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Nichols: Quran’s roots make it holy among Muslims

POSTED: September 13, 2010 1:00 a.m.

The Quran is the Bible for all Islam. Its origin is to be found in the history of one very unusual Arab, Mohammed.

He was born in Mecca about 570 A.D. Since Mecca was on a trading route, it is very likely that young Mohammed came into contact with both Christians and Jews. These people had a religion with a special book as foundation. The Jews had the Old Testament, the Christians had both Old and New Testaments.

Mohammed called these persons to be "people of the book." The Arabs lacked their own book.

When Mohammed was about 25 years old, he was hired by a wealthy widow named Khadija. After a short time, she asked him to marry her and they wed. She later became the first convert to Islam.

Mohammed liked to meditate in the mountains, isolated from the world.

About 610, Mohammed reported that he had seen a vision of an angel sent by God (Allah). These visions occurred for a period of about 23 years. These recitations were dictated by Mohammed to a scribe and were later organized into the book called the Quran, with chapters (suras) placed in order of their size from larger to smaller.

The angle Gabriel spoke Arabic, the language of the Quran today. Only the Arabic version is the true Quran, Muslims believe. All other translations are not in Arabic and hence any translation is just an interpretation of the exact words of God from Arabic.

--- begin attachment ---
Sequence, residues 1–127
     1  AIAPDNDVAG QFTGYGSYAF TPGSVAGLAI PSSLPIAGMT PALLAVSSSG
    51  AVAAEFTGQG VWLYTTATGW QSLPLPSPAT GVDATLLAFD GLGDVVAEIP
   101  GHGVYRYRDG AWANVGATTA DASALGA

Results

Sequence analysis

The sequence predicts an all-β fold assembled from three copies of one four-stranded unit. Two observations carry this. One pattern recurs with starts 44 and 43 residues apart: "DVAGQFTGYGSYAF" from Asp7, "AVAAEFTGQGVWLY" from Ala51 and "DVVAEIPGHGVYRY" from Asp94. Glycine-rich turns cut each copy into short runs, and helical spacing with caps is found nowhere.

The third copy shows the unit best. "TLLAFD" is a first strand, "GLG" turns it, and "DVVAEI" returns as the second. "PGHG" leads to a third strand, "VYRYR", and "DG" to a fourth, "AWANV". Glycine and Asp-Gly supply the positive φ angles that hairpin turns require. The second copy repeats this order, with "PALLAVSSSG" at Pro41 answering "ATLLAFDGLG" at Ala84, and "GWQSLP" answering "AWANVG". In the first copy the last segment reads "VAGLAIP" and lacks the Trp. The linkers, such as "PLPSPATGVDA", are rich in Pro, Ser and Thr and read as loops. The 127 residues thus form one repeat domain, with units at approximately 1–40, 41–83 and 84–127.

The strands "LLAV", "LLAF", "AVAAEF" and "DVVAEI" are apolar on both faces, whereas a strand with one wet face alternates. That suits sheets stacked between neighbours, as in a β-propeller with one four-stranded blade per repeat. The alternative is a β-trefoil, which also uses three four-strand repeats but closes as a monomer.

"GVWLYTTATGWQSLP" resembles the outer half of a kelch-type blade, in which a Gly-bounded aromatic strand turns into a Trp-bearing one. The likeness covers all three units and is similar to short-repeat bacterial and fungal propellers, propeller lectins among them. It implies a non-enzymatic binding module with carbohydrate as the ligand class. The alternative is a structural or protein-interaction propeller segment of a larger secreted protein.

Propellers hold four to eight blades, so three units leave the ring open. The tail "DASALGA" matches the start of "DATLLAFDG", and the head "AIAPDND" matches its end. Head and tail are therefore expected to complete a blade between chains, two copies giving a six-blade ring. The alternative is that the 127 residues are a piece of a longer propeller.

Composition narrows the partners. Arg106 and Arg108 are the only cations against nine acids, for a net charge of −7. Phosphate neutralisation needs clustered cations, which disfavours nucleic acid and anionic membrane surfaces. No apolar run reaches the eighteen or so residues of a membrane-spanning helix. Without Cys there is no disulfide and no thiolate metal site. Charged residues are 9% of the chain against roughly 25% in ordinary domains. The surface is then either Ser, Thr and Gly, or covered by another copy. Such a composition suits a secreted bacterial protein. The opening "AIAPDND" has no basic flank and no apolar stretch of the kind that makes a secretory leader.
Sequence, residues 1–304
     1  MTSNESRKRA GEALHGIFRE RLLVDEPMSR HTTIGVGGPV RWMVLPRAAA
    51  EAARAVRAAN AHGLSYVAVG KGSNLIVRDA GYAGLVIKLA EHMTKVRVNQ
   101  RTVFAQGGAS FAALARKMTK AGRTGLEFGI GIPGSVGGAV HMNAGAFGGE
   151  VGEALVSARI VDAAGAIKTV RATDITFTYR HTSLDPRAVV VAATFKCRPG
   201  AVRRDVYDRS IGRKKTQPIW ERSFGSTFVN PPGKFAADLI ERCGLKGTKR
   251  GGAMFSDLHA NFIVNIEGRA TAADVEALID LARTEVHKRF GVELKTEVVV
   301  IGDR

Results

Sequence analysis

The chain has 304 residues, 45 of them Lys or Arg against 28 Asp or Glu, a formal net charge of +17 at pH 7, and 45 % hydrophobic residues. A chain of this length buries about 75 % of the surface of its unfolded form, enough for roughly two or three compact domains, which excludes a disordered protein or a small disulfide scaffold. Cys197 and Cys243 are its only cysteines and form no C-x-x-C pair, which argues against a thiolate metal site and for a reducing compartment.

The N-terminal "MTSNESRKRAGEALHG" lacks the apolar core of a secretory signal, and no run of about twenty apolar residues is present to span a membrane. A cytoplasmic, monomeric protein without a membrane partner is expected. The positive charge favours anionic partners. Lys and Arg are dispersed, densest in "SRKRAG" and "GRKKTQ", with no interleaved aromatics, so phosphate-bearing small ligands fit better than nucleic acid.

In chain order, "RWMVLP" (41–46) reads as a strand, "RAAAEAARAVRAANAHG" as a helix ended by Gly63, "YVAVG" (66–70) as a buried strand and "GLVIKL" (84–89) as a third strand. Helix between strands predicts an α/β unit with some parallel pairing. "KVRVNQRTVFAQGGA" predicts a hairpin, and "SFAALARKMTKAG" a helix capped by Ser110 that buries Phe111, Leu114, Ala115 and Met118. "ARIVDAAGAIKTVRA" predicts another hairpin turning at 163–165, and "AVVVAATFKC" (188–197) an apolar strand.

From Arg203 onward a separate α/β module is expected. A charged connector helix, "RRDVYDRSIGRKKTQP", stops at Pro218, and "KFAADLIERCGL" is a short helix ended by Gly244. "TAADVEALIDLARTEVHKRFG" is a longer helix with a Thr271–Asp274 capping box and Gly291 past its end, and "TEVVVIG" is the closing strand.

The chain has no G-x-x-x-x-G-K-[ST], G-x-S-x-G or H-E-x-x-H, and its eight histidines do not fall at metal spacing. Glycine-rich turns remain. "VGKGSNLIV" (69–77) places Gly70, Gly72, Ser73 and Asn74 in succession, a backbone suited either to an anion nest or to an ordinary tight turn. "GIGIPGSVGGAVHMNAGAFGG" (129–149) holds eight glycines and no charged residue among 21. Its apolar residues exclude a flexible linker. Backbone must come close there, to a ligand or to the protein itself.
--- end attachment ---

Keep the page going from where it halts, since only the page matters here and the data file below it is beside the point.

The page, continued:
I bought my English interpretation of the Quran in a Baltimore book shop some years ago. Each page has a line down the middle with Arabic text on the right and English on the left side of the page.

Loud speakers in mosques call faithful Muslims to prayer five times each day, At first, the faithful were told to pray in the direction of Jerusalem, but later the Quran prescribed praying in the direction of Mecca.

Once in New York's Kennedy Airport, I saw a group of about 10 Muslims spread prayer rugs on the floor and pray in the direction of Mecca. I admired those who would pray in public like that.

Some Muslims so respect the Quran as the word of God that they have memorized the entire book. I have heard many western people take the name of God in an angry outburst but I have never heard a Muslim take the name of Allah in vain.

Muslims respect Mohammed as a Prophet who is a messenger sent by God. But they believe he is not divine, not the son of God.

Yet when the writer Salman Rushdie wrote negatively about Mohammed in his novel "The Satanic Verses" in 1988, he had to go underground to avoid assassination. Also Muslim anger was stirred by some cartoons that touched on their religion.

I am convinced that if the Florida pastor of a tiny 50-member church had burned copies of the Quran, two results would most likely happen. First the Florida pastor would probably become an assassination target of extremist Muslims. Secondly, such an act might make numbers of Americans in Afghanistan and here at home also become targets for terrorists.

The world needs tolerance and love, not fear and hatred among people of differing cultures and religions. All of us should live in peace on planet earth as a family to benefit from the resources given to us by our Creator.

Dr. Tom Nichols is a retired college professor who lives in Gainesville. His column appears regularly on Mondays and on gainesvilletimes.com.



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